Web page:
Now, you have to swallow the fact that this is a direct sequel to the original Carpenter classic. None of the other films happened; which essentially works, despite some wonky dialogue and exposition. Thankfully, with Lee Curtis on excellent form as the post-traumatised Strode, we have a flawed but compelling heroine to root for. Strode has been waiting for Myers and preparing with firepower, high security and wits in order to defeat him. Sub-plots involving Strode’s daughter (Judy Greer) and granddaughter (Andi Matichak) are developed, but kind of lose their way as the murderous Myers mayhem begins. Still, at least they tried to write some depth into the screenplay.



After a very strong start the film begins to unravel in the middle. The machinations of the plot to get Myers on the Halloween rampage felt random and illogical in places. An important event occurs off-screen and this impacted my commitment to the story. This isn’t really a criticism as such, because genre conventions and a high death rate need to be met. However, despite some well directed set-pieces, whenever Laurie Strode was off-screen the film lost some emotional power. Having said that, if it is deaths with knives, hammers, cars and crow-bars you want, this film contains that and more.

Overall, I really wanted to enjoy this film more than I did. I think the work of Gordon Green and Curtis is especially good. The script however, suffered during a messy second act, although the final showdown was really well executed (sorry.) With $250 million made at the box office, it goes to show though that the Halloween franchise is alive and kicking and two further sequels are planned. It has some scary moments, some brilliant gore and the iconic music still haunts me to this day. Nonetheless, this reboot doesn’t hold a pumpkin flame to the original. Then again, not many horror films do.

Mark: 6.5 out of 11


AUTUMN 2019 TV DRAMA UPDATE – REVIEWS INCLUDE: DARK (2019) – S2, EUPHORIA (2019), THE LOUDEST VOICE (2019) & THE HANDMAID’S TALE (2019) – S3 ETC.

AUTUMN 2019 TV DRAMA REVIEWS

Having finished watching all six seasons of the absolutely amazing series The Americans (2013 – 2018) at the end of the summer, I thought it prudent to try and catch up with some of the other television shows I’d missed or had on my planner.

It is becoming clearer and clearer that television, especially many of the shows from Showtime, HBO and Netflix, are reaching and surpassing cinematic quality. The budgets, writing, production values and casts are incredible. It’s been like this for a while, and long may it continue I say.

So, here are a collection of the excellent TV shows I have completed watching in the last month or so, with the usual marks out of 11.

**SPOILER FREE**



CITY ON A HILL (2019) – SEASON 1 – SHOWTIME / SKY ATLANTIC

This crime drama set in 1990’s Boston is essentially a combination of The Wire meets Ben Affleck’s cracking film, The Town (2010). Kevin Bacon and Aldis Hodge lead the cast in this always watchable story of cops and robbers. Bacon is especially excellent as the anti-heroic FBI agent, Jackie Rohr. Good performances, violent action and earthy Bostonian dialogue inflect this genre piece, which blurs the lines between the good, the bad and the downright ugly.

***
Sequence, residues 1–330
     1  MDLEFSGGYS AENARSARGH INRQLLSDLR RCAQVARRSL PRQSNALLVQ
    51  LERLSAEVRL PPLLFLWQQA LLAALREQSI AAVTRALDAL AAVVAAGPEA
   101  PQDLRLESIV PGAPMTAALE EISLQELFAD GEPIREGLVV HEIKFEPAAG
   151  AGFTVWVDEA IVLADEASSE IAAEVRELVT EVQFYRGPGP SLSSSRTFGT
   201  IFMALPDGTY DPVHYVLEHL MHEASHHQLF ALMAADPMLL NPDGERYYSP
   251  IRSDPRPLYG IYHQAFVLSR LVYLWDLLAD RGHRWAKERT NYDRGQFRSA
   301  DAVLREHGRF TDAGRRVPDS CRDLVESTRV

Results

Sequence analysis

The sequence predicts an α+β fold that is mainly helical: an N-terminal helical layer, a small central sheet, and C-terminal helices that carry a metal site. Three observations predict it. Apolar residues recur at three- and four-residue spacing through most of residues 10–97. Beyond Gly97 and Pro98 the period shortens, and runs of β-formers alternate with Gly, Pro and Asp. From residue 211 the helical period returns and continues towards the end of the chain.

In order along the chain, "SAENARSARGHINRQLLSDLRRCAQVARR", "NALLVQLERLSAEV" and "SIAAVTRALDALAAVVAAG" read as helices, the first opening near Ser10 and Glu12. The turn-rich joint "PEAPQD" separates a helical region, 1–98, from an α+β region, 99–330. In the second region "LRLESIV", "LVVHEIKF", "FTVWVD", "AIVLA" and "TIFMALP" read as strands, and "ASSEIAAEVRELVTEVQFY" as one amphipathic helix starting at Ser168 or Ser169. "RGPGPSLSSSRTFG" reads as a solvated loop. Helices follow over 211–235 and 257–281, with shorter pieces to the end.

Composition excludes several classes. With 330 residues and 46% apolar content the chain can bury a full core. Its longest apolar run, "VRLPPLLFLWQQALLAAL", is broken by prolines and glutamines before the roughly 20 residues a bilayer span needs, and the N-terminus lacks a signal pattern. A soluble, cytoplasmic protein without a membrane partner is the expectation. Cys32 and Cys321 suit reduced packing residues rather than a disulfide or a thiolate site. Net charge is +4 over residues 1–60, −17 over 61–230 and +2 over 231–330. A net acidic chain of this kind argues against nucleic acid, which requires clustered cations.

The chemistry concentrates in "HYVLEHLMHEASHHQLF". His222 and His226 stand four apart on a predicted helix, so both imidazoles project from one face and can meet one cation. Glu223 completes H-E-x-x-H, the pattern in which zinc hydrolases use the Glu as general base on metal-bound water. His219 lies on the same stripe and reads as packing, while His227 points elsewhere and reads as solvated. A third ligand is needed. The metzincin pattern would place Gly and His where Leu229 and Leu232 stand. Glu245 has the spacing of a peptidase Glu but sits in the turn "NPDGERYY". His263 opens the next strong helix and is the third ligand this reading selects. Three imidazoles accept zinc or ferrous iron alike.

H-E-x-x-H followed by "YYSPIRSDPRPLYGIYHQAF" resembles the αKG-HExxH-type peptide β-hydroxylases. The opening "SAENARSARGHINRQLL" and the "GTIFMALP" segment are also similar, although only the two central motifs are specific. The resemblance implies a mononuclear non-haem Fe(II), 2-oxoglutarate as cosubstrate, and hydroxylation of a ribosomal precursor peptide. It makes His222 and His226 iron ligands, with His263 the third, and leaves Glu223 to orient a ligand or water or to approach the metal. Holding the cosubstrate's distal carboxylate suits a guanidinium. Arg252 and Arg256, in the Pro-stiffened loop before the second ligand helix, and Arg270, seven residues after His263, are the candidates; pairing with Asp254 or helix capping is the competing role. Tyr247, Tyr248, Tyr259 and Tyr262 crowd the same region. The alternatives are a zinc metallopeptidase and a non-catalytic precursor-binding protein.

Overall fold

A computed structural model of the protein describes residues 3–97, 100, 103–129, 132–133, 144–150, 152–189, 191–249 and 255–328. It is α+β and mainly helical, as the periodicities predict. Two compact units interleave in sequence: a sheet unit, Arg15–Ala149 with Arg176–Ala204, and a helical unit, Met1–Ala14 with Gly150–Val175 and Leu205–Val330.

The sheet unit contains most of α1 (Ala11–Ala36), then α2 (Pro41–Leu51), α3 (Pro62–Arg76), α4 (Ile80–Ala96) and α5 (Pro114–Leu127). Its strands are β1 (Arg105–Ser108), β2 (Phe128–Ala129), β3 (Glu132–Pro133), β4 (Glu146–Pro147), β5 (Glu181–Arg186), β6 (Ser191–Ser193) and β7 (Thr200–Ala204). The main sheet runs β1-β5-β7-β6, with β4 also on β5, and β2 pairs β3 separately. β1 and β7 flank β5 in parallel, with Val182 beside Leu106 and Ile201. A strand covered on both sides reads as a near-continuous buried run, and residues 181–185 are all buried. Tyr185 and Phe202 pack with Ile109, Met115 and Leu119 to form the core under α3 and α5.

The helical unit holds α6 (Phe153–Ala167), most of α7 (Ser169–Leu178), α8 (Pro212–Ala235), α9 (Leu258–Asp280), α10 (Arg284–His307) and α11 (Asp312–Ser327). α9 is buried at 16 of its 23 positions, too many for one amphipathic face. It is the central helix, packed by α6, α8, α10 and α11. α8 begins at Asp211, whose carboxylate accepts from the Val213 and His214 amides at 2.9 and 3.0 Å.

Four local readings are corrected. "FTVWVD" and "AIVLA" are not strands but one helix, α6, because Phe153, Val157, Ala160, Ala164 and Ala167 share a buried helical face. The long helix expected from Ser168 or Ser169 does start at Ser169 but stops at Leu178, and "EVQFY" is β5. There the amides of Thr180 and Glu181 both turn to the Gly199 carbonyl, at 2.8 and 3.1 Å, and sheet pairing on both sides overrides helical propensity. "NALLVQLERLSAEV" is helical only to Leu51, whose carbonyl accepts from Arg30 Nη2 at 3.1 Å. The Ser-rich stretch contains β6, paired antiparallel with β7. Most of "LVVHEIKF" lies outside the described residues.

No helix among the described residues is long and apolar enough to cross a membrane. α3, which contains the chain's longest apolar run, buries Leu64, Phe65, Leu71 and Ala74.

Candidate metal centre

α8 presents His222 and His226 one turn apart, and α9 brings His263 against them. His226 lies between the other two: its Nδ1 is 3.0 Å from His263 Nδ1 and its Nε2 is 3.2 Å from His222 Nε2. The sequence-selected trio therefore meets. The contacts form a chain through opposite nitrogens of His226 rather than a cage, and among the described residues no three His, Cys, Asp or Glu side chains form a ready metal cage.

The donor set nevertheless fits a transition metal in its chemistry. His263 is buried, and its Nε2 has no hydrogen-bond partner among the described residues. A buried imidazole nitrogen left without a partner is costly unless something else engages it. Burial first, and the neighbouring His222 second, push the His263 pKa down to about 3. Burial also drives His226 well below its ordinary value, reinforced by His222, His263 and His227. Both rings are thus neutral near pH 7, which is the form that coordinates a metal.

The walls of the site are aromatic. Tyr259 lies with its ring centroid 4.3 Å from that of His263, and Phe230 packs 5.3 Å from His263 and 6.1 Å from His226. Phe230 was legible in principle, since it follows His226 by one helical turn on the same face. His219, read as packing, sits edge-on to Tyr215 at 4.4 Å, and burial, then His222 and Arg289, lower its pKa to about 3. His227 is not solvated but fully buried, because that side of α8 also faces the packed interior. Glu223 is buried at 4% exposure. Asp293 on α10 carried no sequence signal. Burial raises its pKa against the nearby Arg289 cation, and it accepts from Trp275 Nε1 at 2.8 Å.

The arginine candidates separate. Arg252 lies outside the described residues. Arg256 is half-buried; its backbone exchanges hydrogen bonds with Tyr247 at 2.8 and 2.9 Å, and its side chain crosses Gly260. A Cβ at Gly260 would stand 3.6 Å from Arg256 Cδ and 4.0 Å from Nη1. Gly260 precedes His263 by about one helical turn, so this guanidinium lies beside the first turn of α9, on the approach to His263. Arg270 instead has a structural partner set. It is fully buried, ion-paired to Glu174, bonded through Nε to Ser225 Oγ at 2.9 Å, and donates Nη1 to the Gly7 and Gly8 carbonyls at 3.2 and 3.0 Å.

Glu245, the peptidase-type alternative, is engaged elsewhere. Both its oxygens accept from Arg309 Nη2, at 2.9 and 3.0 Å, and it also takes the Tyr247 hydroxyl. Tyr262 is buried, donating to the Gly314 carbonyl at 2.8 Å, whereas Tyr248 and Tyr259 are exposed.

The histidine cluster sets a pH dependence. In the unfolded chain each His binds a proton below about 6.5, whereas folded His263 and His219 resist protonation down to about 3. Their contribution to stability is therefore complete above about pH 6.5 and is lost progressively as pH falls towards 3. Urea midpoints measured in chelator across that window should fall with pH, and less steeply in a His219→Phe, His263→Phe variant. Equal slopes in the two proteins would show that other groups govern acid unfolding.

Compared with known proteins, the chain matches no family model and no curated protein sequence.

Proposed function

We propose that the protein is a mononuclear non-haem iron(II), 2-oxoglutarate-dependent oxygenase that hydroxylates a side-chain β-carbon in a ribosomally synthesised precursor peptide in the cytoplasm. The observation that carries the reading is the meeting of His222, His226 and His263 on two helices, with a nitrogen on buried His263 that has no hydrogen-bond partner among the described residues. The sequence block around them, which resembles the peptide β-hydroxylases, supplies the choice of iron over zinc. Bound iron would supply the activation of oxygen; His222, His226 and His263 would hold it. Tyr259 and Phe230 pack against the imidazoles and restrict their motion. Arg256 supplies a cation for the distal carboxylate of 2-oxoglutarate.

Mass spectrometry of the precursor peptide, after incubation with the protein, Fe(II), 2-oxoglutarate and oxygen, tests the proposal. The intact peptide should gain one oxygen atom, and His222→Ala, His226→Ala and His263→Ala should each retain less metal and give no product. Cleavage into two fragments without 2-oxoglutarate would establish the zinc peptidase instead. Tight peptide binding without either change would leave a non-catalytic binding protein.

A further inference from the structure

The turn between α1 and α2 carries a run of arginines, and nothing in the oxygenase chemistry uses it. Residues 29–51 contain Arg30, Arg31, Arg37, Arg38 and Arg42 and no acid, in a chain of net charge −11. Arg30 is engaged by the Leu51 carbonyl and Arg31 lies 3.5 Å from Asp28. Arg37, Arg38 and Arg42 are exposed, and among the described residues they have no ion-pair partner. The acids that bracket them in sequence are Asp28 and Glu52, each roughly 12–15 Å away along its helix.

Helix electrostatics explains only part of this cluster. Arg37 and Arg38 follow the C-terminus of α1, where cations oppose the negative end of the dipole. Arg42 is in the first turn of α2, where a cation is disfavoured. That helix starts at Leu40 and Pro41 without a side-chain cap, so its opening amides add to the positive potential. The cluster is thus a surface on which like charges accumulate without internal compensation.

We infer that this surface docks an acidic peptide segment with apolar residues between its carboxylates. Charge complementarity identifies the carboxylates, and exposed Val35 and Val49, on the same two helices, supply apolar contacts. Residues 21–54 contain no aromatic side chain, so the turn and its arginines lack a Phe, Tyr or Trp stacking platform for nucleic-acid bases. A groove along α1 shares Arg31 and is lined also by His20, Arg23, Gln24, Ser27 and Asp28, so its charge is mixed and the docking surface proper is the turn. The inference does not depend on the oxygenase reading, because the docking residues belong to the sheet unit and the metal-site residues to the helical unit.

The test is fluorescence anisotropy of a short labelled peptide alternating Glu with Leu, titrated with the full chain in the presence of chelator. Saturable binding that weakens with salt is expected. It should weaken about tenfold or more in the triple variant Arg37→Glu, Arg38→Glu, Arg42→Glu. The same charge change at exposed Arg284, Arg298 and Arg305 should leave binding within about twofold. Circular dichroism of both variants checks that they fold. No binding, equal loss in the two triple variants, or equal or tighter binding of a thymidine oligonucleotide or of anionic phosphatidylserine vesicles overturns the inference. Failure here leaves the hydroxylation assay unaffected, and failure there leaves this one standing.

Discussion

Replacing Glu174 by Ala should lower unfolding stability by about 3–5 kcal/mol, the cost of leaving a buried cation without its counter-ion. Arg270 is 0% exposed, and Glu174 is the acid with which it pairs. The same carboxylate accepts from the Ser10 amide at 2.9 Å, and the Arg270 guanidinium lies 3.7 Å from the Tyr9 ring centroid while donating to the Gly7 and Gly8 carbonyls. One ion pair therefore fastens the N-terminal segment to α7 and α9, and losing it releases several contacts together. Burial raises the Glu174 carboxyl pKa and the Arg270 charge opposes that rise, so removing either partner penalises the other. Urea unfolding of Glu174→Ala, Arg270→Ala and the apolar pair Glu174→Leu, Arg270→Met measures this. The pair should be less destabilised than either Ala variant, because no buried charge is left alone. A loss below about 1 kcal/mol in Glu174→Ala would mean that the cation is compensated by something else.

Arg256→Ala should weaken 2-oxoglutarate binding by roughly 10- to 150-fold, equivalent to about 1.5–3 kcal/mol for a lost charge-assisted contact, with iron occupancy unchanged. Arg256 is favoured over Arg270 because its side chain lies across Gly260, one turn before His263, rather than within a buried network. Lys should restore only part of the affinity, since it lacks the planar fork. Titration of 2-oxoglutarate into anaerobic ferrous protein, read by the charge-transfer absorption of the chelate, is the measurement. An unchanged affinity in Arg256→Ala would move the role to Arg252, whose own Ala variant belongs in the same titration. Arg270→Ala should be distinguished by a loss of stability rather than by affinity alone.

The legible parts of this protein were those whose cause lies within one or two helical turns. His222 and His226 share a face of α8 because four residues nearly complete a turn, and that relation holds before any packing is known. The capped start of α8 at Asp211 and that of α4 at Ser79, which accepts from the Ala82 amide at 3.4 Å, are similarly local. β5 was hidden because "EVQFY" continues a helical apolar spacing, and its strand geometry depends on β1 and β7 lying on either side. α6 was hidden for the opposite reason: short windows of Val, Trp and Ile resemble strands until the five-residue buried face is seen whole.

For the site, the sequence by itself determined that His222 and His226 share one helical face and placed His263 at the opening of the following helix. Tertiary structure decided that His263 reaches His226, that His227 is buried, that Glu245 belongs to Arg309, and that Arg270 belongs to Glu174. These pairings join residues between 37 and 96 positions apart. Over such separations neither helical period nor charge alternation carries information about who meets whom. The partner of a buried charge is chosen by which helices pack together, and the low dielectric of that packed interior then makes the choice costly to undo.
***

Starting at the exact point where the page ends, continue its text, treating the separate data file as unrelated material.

Mark: 8 out of 11



A CONFESSION (2019) – ITV

Martin Freeman, Imelda Staunton and Siobhan Finneran are all uniformly excellent in this true crime drama. Set in Wiltshire, it follows Detective Superintendent Steve Fulcher (Freeman), as his investigative team search for a missing young woman. What follows is a series of compelling events which grip you throughout. Seasoned scriptwriter Jeff Pope delivers a meticulously researched screenplay that explores the emotional impact of criminal behaviour, and how police procedure effects justice for victims and their families.

Mark: 8 out of 11



DARK (2019) – SEASON 2 – NETFLIX

What can I say about Dark (2019) – Season 2? Well, for starters it is easily one of the best television dramas I have seen in a long time. It’s edgy, nightmarish, confusing, twisted and to be honest, virtually unreviewable. I say that because I don’t want to give away any spoilers but, trust me, if you like emotionally, structurally and artistically complex plots involving multiple characters, locations and timelines then this German thriller is for you. It had me confused in a good way and totally immersed in the tenebrae. You will be lost, searching for the light, yet you will be astounded too by the audacity of the writing and looping madness on show.

Mark: 10 out of 11



EUPHORIA (2019) – HBO / SKY ATLANTIC

Having recently watched Sam Levinson uneven but stylish low-budget crime drama, Assassination Nation (2018), I thought I’d give this big budget HBO U.S. drama a watch. The ensemble cast of mainly young actors are led brilliantly by the ultra-talented Zendaya. She portrays just-out-of-rehab, Rue, who battles drug addiction on a daily basis. Her new best friend Jules (Hunter Schafer) also has issues to deal relating to identity, sex and love. In fact, pretty much all the characters are fucked up somehow in this giddy, glossy, sexy, dirty and often shockingly dark profile of high school existence.